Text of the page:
“A reference model for payment interoperability, that can be used to overcome barriers that have slowed the spread of digital financial services. Whole, adapted, or as a blueprint – the Mojaloop Foundation’s open source software can be used by organizations to build interoperable, digital payment systems that enable seamless, affordable financial services between individual users, banks, government entities, merchants, mobile network operators, providers, and technology companies – connecting the underserved with the emerging digital economy.”
Simply put, a Nigerian fintech startup plugged into Mojaloop can enable me to pay somebody in Congo DRC regardless of what platform they are on.
The possibilities are endless, and it seems like an awfully straightforward answer to a complex problem.
FROM THE CABAL
How to think about consumer innovation in Africa
It seems like everything around here eventually goes into a sachet. And not just consumer goods; TV subscriptions, internet bundles, and even financial services, are broken down to bits. This week’s edition of Factsheet uses the concepts of ‘sachetization’ to explain, in layman terms, a mental model for innovation.
Africa’s billion dollars e-waste problem. “In 2019 alone, recoverable material like gold, silver, copper, platinum and other such materials worth US$57 billion were lost to improperly recycled electronic waste.” With the help of infographics, this article explains this problem, and how you may be complicit.
THE CRYSTAL BALL
“It is interesting how much entrepreneurs and sources of capital have become closer in a virtual world, and this will be a trend that will be dominant post-COVID. Extensive screening processes used to require startups to physically get in front of investors. But now, virtual meetings have brought companies closer and reduced the transaction costs of travel.”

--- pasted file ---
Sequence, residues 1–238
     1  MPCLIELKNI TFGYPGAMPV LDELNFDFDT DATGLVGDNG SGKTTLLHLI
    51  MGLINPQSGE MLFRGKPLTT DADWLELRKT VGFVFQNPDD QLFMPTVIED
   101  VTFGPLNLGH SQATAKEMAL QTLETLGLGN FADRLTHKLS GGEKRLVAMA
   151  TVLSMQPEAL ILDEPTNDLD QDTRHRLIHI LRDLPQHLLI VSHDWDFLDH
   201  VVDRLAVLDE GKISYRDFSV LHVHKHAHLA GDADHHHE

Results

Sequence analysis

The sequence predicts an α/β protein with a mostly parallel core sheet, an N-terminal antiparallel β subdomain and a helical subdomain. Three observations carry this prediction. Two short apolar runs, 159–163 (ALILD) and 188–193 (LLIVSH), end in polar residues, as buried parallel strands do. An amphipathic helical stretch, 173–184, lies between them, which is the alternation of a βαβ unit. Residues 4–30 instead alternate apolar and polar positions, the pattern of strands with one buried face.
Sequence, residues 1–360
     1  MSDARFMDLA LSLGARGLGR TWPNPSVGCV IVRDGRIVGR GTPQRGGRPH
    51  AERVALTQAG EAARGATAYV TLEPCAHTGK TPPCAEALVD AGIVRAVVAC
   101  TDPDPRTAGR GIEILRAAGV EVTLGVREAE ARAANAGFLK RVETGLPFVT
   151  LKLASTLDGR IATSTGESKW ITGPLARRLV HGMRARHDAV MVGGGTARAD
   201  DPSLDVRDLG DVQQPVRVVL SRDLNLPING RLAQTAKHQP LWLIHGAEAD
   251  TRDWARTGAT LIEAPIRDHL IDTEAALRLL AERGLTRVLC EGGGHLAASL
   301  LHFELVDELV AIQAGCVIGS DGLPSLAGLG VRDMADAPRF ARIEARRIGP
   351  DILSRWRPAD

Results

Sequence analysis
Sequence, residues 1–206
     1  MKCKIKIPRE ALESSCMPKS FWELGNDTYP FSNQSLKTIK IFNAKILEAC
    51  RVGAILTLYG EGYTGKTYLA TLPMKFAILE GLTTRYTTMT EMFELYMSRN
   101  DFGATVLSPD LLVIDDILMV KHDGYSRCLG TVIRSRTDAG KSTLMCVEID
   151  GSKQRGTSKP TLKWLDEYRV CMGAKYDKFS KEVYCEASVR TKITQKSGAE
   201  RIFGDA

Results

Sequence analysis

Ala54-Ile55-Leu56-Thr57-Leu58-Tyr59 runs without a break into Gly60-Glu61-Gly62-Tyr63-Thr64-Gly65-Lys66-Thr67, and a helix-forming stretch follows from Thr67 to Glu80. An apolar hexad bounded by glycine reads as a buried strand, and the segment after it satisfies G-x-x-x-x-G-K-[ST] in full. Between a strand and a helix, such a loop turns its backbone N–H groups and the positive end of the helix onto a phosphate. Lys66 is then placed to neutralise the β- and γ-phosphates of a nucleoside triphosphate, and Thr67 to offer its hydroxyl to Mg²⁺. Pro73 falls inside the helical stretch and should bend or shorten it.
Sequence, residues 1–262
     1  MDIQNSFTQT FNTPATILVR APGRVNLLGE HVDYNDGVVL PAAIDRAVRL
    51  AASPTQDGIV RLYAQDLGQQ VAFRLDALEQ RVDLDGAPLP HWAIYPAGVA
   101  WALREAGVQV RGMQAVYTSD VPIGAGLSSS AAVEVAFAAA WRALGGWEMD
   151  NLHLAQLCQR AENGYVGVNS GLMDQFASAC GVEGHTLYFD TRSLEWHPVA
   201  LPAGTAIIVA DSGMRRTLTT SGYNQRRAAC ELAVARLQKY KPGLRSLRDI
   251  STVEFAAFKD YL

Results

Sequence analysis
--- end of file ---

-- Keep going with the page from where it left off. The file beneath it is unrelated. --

– John Nikolaou, Account Manager, InsiderPR.
Every week, we ask our readers, stakeholders and operators in Africa’s tech ecosystem what they think the new normal will look like,and share their thoughts here. You can share yours to firstname.lastname@example.org with ‘The Crystal Ball’ in the subject line.
Let’s play a little guessing game. If Akello sends money from the UK to his mum in Kenya and he also sends money to his business partner in the Philippines, which one of these will accrue higher charges?
If you said Kenya, you are most likely to be correct. In the first quarter of 2018, the average cost of sending $200 to anywhere in Sub-saharan Africa was about $19 about 20% than the remittance charges for any other region.
In 2018, Africa received about $65 billion in remittances but the cost of sending that amount is estimated to be about $1.8 billion annually.
Historically, remittance costs have fallen. They fell from 14% in 2008 to about 10% in 2014. There’s no new data to suggest much has changed in the last two years. Since 2015, average cost has been between 9 – 10%.
Remittances make up 2.5% of Africa’s GDP but they are the lifeblood of the economies in some countries. In Liberia, Comoros, and the Gambia, remittances make up over 20% of GDP.
What the high charges imply is that while remittances make up a huge portion of the income in many African homes, recipients sometimes give up a sizable amount of the money sent to them. In some cases, senders bear the additional charges.
Two of the major reasons for these high remittance charges are bank regulations and exclusive agreements. Bank regulations put in place to check money laundering and terrorism financing drive up administrative costs which affect the cost of remittances. In some cases, the nation’s post office has an exclusive agreement with a money transfer service. And since the post office is more widespread, consumers have no other option. Competition typically drives down cost.
While the rise of crypto has resulted in many businesses using it for cross-border transactions, it is still not widely used for sending home. Much more needs to be done to encourage innovation in remittances.